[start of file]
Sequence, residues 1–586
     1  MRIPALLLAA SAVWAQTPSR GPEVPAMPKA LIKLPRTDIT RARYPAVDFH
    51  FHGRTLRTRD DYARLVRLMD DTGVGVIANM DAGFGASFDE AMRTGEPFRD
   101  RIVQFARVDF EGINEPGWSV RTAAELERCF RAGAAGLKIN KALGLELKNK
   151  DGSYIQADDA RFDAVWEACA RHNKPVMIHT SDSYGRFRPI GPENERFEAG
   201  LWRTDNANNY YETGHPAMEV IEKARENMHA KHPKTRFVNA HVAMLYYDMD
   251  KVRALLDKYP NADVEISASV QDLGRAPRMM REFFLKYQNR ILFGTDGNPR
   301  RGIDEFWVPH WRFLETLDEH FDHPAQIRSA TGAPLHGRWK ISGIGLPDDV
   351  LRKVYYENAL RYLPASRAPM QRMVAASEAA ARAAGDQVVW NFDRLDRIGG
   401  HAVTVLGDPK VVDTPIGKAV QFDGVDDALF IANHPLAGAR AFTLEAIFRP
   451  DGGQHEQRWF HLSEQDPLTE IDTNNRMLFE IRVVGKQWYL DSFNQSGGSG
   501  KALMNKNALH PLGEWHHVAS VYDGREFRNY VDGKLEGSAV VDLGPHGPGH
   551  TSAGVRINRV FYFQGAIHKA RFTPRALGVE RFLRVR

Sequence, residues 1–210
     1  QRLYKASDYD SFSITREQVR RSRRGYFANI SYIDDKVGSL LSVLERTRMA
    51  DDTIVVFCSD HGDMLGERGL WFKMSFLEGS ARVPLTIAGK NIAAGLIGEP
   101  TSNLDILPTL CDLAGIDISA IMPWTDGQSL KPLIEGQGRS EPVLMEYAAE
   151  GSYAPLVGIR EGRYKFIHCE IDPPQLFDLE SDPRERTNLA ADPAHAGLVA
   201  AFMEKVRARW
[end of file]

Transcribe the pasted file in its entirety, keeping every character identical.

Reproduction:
Sequence, residues 1–586
     1  MRIPALLLAA SAVWAQTPSR GPEVPAMPKA LIKLPRTDIT RARYPAVDFH
    51  FHGRTLRTRD DYARLVRLMD DTGVGVIANM DAGFGASFDE AMRTGEPFRD
   101  RIVQFARVDF EGINEPGWSV RTAAELERCF RAGAAGLKIN KALGLELKNK
   151  DGSYIQADDA RFDAVWEACA RHNKPVMIHT SDSYGRFRPI GPENERFEAG
   201  LWRTDNANNY YETGHPAMEV IEKARENMHA KHPKTRFVNA HVAMLYYDMD
   251  KVRALLDKYP NADVEISASV QDLGRAPRMM REFFLKYQNR ILFGTDGNPR
   301  RGIDEFWVPH WRFLETLDEH FDHPAQIRSA TGAPLHGRWK ISGIGLPDDV
   351  LRKVYYENAL RYLPASRAPM QRMVAASEAA ARAAGDQVVW NFDRLDRIGG
   401  HAVTVLGDPK VVDTPIGKAV QFDGVDDALF IANHPLAGAR AFTLEAIFRP
   451  DGGQHEQRWF HLSEQDPLTE IDTNNRMLFE IRVVGKQWYL DSFNQSGGSG
   501  KALMNKNALH PLGEWHHVAS VYDGREFRNY VDGKLEGSAV VDLGPHGPGH
   551  TSAGVRINRV FYFQGAIHKA RFTPRALGVE RFLRVR

Sequence, residues 1–210
     1  QRLYKASDYD SFSITREQVR RSRRGYFANI SYIDDKVGSL LSVLERTRMA
    51  DDTIVVFCSD HGDMLGERGL WFKMSFLEGS ARVPLTIAGK NIAAGLIGEP
   101  TSNLDILPTL CDLAGIDISA IMPWTDGQSL KPLIEGQGRS EPVLMEYAAE
   151  GSYAPLVGIR EGRYKFIHCE IDPPQLFDLE SDPRERTNLA ADPAHAGLVA
   201  AFMEKVRARW